It was in 2008 that (then) Home Secretary Jacqui Smith announced that the Police would be rolling out these tactics to the estates to combat “anti-social behaviour”. Anti-social behaviour was Labour’s crime buzzword of the noughties – a term so nebulous it became used much in the same way as the ‘sus’ laws of the 1980s. Anti-Social Behaviour Orders (or ASBOs) were used to impose stringent conditions on the behaviour of individuals who were regarded, for whatever reason, undesireable. Breaking these conditions is a criminal offence and thus often criminalises essentially un-criminal behaviour. This particular FITwatcher remembers the tabloid shockers of the time: the suicidally depressed getting ASBOs preventing them from going near tall buildings, the woman who enjoyed sex too much and was told to keep it down or risk getting a record. Then there were the local police advertising campaigns: billboards and buses bearing the likenesses of supposed ‘offenders’ detailing their ASBO conditions and urging people to grass if the ‘offender’ is seen to break their conditions. In the midst of ASBO-mania, Jacqui Smith heralded the arrival of “Operation Leopard” – a pioneering scheme to introduce Forward Intelligence Team tactics to Essex. Coupled with the 2007 introduction of additional powers for Police to stop people on the street based entirely on suspicion (again, not a million miles away from the ‘sus’ laws), it wasn’t long before it was rolled out to police other areas – such as the estates around East London’s Brick Lane.
Regeneration Exposed: Gentrification and Social Exclusion.
Brick Lane (and the London Boroughs of Tower Hamlets and Hackney as a whole) offer a prime example of how urban ‘regeneration’ is used to justify extensive gentrification of the inner cities. Rather than investing in maintenance and repair of, for instance, social housing whole estates are left to go to rack and ruin. This, in turn, is used to justify their demolition and the relocation of their tenants to estates in the suburbs of London (and beyond) to make way for those who will invest in the private housing market. Essentially, this further decimates working class communities and creates new ghettos away from the inner cities even more socially excluded, infrastructurally deprived and more vulnerable to abusive policing. Whoever has the dubious good fortune to remain in the inner city faces extreme social exclusion as municipal planning schemes revolve entirely on transient communities of young professionals and students. Conversely, local policing strategies treat the established communities of such areas as criminal. For example, the surveillance operation on Brick Lane focuses entirely on the harassment and intimidation of local Asian youth, whereas the predominantly white, middle-class party goers of the area’s booming nightlife scene go uninterrupted. Another glaring example of such discrimination exists in the policing of the London Fields area of Hackney. Police initiatives target young, predominantly black “gang culture” yet totally ignore the summertime use of the park as a trendy hangout for again, predominantly white middle-class young professionals. In the summer the park resembles a music festival with literally hundreds of people there partying, drink and drug use is commonplace. Note: this FITwatcher is not arguing for Police intervention in such use of the park, but rather pointing out that if it was used in such a way by the established Black community there would be stop-and-searches, anti-social behaviour orders and camera teams everywhere.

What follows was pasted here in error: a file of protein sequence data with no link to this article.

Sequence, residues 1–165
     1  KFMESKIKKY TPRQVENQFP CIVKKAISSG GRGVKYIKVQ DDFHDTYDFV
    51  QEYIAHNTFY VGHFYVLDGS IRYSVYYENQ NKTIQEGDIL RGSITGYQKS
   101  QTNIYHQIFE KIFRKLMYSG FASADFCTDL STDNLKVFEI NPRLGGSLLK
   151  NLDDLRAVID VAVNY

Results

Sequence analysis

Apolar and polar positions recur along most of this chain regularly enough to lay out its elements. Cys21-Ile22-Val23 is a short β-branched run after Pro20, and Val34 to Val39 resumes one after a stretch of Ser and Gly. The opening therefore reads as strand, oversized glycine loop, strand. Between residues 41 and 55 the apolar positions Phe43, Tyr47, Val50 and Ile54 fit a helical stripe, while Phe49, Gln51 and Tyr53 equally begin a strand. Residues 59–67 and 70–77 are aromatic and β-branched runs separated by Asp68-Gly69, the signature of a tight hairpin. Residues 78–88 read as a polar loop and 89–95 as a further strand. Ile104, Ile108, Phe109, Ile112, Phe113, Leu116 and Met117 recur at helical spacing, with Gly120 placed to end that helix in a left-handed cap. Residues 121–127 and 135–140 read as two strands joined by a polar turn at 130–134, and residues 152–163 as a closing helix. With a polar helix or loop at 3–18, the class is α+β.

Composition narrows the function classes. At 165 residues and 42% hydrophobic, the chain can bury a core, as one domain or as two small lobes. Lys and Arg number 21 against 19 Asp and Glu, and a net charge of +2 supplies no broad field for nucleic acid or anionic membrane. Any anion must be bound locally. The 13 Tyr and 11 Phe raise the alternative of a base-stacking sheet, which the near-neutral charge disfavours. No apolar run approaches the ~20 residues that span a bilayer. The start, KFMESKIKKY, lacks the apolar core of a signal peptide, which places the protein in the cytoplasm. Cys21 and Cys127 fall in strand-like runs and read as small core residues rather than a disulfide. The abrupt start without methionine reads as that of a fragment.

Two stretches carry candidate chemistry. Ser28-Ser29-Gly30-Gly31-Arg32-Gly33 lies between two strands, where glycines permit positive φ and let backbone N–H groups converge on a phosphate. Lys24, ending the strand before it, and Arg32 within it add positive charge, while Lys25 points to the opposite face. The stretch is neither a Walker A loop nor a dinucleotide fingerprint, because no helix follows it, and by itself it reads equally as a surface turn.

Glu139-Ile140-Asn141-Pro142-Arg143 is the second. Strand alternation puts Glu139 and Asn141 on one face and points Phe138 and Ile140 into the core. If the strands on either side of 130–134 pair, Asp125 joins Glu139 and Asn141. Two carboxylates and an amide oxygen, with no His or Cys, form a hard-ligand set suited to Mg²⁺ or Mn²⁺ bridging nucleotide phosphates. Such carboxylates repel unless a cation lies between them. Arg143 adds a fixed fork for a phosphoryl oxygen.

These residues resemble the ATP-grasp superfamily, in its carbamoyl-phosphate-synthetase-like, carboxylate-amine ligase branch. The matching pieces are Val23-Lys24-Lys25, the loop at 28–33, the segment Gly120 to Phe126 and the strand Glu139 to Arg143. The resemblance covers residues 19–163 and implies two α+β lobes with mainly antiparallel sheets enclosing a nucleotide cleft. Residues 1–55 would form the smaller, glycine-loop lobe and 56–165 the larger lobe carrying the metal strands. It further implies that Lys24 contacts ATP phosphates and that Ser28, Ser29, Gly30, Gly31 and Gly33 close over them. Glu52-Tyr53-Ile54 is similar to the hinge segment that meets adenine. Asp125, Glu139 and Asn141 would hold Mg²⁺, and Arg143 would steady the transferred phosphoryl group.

Where do we go from here?
We have seen how concentrated police harassment affects not only our own social movements, but also the communities of the past and the present. We also have an idea of the forces at work behind policing – how it is always used selectively by the government as a tool of social control whether in our communities or on protests. Some of us may know better than others how this feels; we have all experienced repressive policing in different ways. Some of us in our communities, some of us on protests, at football matches and so on. Some of us may never have directly experienced such harassment, but are rightly disgusted by it. It is important that we respect the differences in our experiences, whilst focussing on the one thing that we all share; a determination to assert ourselves and fight back against repressive policing. We may also choose to fight back differently – we must not make moralistic value judgements on the different ways people resist these repressive policing strategies. We must not allow ourselves to be divided by an insistence on non-violence or violence either way. A tactically diverse movement acting in solidarity with each other is one of the most resillient enemies of the status quo.